Some trees are protected by legislation. In order to carry out certain works you will need to apply to the council for permission.

Guidance leaflet published by Central Government: Protected Trees - A guide to tree preservation procedures 

Tree Preservation Order

When the modern planning system was established under the Town and Country Planning Act 1947 local planning authorities retained their powers to protect trees and woodlands in the interests of amenity by making tree preservation orders. Over 70 years later tree preservation orders remain an important part of this system.

A tree preservation order (TPO) is an order made by a local planning authority (LPA, in this instance East Herts) in respect of trees or woodlands. The principal effect of a TPO is to prohibit the:

  1. Cutting down
  2. Uprooting
  3. Topping
  4. Lopping
  5. Wilful Damage
  6. Wilful destruction of trees without the LPA's consent.

The cutting of roots, although not expressly covered in (1) - (4) above, is potentially damaging and so in the Secretary of State's view, requires the authority's consent.

When the Local Planning Authority makes a provisional TPO we write to the owner and nearby properties enclosing a copy of the order. If anyone wants to support or object to the order before it is confirmed (made permanent) they should write to the council within 28 days to say why. The planning committee members will take these comments into account when deciding whether to confirm the order.

If you want to know if permission has been granted to carry out work on a protected tree please contact us. We keep a register of applications and decisions and this information is available to the public.

Trees in Conservation Areas

Trees in conservation areas which are already protected by a TPO are subject to the normal TPO controls. However, the Town and Country planning act also makes special provision for trees in conservation areas which are not the subject of a TPO.

Under section 211 anyone proposing to cut down or carry out work on a tree in a conservation area is required to give the LPA six weeks' notice (a "section 211 notice"). The purpose of this requirement is to give the LPA an opportunity to consider whether a TPO should be made in respect of the tree (or trees).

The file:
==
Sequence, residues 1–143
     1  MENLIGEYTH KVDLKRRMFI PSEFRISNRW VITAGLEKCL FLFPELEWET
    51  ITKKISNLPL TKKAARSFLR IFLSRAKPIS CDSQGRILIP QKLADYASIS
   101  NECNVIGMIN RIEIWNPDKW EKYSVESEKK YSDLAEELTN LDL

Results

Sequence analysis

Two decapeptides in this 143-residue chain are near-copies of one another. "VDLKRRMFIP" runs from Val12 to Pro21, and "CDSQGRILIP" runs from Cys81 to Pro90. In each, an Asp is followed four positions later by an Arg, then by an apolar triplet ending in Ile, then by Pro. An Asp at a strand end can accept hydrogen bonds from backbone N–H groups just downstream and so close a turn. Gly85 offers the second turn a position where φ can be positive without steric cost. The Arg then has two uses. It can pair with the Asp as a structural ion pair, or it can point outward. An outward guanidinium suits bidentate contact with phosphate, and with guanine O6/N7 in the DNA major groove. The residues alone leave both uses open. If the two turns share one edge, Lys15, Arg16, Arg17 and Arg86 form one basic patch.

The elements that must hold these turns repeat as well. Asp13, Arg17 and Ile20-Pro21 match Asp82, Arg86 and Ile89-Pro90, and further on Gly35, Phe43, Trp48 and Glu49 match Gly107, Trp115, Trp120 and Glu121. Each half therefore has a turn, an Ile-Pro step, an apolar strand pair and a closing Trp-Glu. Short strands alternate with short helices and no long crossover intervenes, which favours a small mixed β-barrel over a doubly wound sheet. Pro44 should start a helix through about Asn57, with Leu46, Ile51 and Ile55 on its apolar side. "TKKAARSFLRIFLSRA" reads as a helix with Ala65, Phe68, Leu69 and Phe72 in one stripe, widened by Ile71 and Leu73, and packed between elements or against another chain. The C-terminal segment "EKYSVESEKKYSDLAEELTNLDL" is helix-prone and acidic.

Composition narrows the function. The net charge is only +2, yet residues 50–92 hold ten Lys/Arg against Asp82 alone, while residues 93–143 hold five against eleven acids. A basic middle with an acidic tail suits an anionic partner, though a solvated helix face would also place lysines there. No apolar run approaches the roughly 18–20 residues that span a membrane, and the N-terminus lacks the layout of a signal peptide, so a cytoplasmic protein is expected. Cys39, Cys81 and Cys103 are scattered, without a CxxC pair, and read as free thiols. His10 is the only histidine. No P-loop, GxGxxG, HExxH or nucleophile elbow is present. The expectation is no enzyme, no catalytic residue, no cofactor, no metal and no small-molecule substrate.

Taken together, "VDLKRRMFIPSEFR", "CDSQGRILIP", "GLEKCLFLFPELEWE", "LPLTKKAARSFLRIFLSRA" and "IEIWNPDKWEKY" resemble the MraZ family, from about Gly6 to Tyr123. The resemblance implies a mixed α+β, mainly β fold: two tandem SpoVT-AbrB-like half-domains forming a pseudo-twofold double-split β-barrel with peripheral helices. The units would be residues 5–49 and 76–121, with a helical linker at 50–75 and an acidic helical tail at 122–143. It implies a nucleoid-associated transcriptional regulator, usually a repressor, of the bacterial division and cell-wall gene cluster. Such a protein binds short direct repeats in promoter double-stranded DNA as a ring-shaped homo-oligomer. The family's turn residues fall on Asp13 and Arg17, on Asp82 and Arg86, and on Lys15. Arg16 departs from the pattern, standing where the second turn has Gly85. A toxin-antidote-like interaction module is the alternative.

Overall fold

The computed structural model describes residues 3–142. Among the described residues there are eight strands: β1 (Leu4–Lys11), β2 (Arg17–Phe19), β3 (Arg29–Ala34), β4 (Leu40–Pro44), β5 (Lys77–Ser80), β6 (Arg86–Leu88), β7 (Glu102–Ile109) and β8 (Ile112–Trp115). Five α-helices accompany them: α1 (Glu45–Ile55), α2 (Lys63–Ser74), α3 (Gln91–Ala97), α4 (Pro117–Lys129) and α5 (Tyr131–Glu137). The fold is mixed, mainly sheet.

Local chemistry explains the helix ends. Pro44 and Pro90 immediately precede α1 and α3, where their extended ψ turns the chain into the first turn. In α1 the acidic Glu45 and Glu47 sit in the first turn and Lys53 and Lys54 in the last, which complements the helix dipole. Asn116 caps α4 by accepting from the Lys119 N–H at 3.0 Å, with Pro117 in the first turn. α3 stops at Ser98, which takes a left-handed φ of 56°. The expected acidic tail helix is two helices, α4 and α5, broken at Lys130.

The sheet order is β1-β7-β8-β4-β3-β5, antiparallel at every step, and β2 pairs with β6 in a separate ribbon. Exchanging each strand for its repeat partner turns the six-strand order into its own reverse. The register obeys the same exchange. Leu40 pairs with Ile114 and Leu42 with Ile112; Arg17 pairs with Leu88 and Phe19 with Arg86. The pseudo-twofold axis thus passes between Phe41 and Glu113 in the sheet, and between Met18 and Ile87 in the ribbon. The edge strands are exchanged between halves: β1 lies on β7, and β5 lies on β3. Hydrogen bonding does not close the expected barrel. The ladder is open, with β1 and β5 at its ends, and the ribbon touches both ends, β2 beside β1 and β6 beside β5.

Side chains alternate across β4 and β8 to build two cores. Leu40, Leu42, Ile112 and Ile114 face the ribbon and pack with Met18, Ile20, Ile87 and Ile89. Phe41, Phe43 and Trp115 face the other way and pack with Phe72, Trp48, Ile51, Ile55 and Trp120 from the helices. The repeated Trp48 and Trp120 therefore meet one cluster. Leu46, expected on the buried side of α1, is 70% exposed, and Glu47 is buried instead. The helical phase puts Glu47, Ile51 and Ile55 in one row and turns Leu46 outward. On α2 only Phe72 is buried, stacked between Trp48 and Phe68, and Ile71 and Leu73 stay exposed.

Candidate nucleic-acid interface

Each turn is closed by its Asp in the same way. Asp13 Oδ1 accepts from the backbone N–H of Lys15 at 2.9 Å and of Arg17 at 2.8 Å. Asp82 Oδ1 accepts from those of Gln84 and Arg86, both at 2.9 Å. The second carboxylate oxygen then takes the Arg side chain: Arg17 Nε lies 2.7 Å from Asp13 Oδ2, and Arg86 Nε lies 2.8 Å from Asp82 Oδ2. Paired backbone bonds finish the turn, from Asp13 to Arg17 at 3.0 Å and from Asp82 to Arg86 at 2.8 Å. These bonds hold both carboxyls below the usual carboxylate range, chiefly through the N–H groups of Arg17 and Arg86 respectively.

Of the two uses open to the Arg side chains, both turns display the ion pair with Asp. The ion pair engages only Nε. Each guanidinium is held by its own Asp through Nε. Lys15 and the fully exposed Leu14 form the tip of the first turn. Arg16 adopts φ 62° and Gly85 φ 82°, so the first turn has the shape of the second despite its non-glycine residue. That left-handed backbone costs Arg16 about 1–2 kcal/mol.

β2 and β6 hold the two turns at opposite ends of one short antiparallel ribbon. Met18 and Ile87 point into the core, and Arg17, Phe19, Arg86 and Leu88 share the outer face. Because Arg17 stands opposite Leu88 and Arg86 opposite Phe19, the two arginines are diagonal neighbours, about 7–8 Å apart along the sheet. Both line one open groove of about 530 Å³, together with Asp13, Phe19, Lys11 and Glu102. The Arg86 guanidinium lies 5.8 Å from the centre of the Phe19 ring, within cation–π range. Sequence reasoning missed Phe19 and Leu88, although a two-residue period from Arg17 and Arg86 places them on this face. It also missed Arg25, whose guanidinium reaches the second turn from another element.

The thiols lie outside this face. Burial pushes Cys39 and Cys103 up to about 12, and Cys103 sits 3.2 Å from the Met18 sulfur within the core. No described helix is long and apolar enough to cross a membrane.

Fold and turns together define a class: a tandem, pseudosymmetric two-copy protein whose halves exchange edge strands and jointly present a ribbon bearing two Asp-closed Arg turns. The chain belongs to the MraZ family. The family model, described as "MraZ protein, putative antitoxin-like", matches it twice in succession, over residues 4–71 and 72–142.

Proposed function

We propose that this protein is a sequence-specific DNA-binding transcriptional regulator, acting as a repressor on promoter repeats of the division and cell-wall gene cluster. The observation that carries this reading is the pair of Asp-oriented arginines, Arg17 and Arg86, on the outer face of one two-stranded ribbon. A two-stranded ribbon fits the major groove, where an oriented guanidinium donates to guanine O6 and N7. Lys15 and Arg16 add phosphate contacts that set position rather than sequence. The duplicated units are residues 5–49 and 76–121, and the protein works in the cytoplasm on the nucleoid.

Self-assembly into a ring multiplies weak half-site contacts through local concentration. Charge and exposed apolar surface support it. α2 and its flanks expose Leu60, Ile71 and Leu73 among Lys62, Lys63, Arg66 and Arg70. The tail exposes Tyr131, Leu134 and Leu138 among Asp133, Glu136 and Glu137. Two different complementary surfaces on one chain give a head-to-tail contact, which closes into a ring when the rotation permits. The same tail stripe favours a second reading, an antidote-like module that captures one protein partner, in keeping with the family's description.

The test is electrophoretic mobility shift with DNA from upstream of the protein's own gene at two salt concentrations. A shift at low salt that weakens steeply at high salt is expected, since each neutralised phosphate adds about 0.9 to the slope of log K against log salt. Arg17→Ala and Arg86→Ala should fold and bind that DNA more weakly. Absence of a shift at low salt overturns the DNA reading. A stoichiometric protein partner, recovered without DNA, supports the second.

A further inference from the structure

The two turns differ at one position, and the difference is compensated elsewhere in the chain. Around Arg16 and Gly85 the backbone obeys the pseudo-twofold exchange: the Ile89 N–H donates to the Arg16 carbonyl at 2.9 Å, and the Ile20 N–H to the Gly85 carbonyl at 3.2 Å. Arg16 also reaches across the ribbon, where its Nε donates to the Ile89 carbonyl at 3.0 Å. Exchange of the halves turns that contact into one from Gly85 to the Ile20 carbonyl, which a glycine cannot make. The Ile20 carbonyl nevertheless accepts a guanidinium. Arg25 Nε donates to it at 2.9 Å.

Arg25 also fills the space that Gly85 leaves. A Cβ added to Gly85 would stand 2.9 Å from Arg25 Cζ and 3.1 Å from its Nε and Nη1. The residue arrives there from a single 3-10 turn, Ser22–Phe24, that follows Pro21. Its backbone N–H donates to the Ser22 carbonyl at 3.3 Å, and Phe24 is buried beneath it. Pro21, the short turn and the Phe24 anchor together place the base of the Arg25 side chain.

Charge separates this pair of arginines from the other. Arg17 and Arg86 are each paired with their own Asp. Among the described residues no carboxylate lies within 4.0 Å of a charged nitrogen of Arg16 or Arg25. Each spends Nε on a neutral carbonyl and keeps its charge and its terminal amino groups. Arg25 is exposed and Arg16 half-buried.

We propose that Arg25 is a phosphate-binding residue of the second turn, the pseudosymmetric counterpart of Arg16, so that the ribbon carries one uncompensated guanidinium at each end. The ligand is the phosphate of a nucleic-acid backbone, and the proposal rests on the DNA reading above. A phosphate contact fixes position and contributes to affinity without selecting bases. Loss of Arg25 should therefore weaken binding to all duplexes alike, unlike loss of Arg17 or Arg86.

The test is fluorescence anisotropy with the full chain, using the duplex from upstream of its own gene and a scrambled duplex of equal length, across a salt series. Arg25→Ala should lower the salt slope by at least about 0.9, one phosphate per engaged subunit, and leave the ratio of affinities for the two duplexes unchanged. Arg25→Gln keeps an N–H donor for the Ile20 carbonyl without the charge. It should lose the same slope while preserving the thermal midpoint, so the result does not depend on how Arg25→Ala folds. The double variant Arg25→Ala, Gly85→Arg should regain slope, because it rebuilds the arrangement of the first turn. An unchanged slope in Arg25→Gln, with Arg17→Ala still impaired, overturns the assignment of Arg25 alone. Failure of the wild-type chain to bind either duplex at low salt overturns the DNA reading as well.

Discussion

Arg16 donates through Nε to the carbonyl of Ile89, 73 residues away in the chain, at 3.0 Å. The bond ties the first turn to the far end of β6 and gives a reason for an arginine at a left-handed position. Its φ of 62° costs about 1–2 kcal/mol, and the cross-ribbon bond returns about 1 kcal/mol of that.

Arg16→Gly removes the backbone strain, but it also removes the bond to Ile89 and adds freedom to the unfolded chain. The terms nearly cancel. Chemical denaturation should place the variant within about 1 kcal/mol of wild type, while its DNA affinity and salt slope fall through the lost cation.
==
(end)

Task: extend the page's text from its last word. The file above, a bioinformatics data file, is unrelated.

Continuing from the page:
You do not have to give the LPA six weeks notice:

  1. For cutting down trees in accordance with a felling license granted by the Forestry Commission.
  2. For work which is exempt from the requirement to apply for consent under a TPO, for example removing dead wood etc.
  3. For work carried out by, or on behalf of the LPA (the council as a whole and not just its' planning department)
  4. For work on a tree with a diameter not exceeding 75 millimetres (or 100 millimetres if cutting down trees to improve the growth of other trees, such as with thinning operations.

Apply to carry out Tree works

Please ensure that you read the guidance documents below before completing:

To see if a tree is protected by a TPO or situated within a Conservation Area, please use our East Herts Online Mapping. 

If you would like to apply to carry out work to a tree that is protected by a Tree Preservation Order (TPO) or that is growing within a Conservation Area please use the following Application for Tree Work Form

Alternatively you can apply for a Tree Works Form via the planning portal website. 

If you would like to request a hard copy of the form, please request one via our Contact us page.

Vandalism or damage to trees with TPOs or in Conservation Areas

If you would like to report intentional damage or harm being caused to a tree that is protected by a TPO or in a conservation area, please report it via our contact us page